Copyright © 2016 Weil Lifestyle
Information on this web site is provided for informational purposes only and is not intended as a substitute for the advice provided by your physician or other healthcare professional. You should not use the information on this web site for diagnosing or treating a health problem or disease, or prescribing any medication or other treatment.

Ad Choice
Advertising Notice

This Site and third parties who place advertisements on this Site may collect and use information about your visits to this Site and other websites in order to provide advertisements about goods and services of interest to you. If you would like to obtain more information about these advertising practices and to make choices about online behavioral advertising, please click here

  

Q & A Library



Q
Lost Your Voice to Laryngitis?
What causes laryngitis? For the past week, my voice has been so weak that I can barely be heard. I haven’t had a cold recently.
A
Answer (Published 3/1/2007)

Laryngitis is an inflammation of the vocal cords, usually due to an infection, fatigue, or irritation. A cold or sore throat can lead to laryngitis. So can overuse of your voice - this is most common among singers and others who have to use their voices constantly - politicians, for example. In addition to illness or overuse, drinking alcohol and smoking can also both irritate the vocal cords and larynx - if so, laryngitis may be your body's way of telling you to cut back on drinking and to stop smoking. Another common cause is gastroesophageal reflux disease (GERD), in which stomach acid backs up into the esophagus. Sometimes, acid can get into the back of the throat and irritate or even damage the surface tissue of the vocal cords.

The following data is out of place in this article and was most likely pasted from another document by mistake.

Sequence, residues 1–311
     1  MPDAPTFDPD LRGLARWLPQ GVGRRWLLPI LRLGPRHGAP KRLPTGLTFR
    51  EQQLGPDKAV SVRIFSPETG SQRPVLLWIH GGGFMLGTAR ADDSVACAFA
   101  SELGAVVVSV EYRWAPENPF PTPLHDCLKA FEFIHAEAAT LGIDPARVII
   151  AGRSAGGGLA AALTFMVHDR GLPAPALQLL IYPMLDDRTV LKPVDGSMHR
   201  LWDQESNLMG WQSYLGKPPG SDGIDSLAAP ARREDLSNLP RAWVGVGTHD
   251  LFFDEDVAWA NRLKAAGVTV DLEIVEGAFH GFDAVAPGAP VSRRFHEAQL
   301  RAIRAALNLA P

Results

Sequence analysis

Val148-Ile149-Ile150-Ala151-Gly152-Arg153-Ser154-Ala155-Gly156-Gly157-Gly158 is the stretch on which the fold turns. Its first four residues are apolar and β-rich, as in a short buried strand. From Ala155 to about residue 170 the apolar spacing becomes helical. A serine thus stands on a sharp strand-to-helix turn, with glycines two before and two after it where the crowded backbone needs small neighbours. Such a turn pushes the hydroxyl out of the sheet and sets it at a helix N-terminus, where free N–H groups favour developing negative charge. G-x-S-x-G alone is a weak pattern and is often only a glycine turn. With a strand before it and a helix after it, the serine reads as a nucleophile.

Related Weil Products
The Weil Vitamin Advisor. - Help protect against viral infections that can lead to colds and flu with simple preventative steps and immune-enhancing supplements, vitamins and herbs. Learn more and get your free, personalized recommendation. Start now!

(Hoarseness or even voice loss can be symptoms of an underactive thyroid. Blood tests can begin to determine whether your thyroid is to blame. A rare cause of persistent hoarseness is laryngeal cancer.)

  • The most important thing you can do when you have laryngitis is rest your voice. Inhaling steam can help, as well, as can sucking on lozenges to soothe your throat. Drink plenty of fluids but avoid alcohol and caffeine, which are irritating and will only make matters worse. Try not to clear your throat - it can increase the swelling of the vocal cords.
  • If you have chronic hoarseness that you can't attribute to any of the common causes mentioned above, see your physician to get a proper diagnosis.

Andrew Weil, M.D.

Creative Commons License Some Rights Reserved Creative Commons Copyright Notice
A portion of the original material created by Weil Lifestyle on DrWeil.com (specifically, all question and answer-type articles in the Dr. Weil Q&A Library) is licensed under a Creative Commons Attribution-Noncommercial-No Derivative Works 3.0 United States License.